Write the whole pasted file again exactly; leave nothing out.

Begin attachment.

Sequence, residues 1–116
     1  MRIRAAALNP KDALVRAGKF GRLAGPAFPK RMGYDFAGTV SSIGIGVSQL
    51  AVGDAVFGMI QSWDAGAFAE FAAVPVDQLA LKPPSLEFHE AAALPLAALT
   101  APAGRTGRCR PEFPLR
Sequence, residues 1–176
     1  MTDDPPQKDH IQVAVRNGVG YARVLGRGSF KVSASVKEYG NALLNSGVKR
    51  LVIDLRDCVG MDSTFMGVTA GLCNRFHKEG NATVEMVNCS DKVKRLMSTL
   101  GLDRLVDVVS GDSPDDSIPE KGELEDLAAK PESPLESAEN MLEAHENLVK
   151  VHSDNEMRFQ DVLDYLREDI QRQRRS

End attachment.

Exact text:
Sequence, residues 1–116
     1  MRIRAAALNP KDALVRAGKF GRLAGPAFPK RMGYDFAGTV SSIGIGVSQL
    51  AVGDAVFGMI QSWDAGAFAE FAAVPVDQLA LKPPSLEFHE AAALPLAALT
   101  APAGRTGRCR PEFPLR
Sequence, residues 1–176
     1  MTDDPPQKDH IQVAVRNGVG YARVLGRGSF KVSASVKEYG NALLNSGVKR
    51  LVIDLRDCVG MDSTFMGVTA GLCNRFHKEG NATVEMVNCS DKVKRLMSTL
   101  GLDRLVDVVS GDSPDDSIPE KGELEDLAAK PESPLESAEN MLEAHENLVK
   151  VHSDNEMRFQ DVLDYLREDI QRQRRS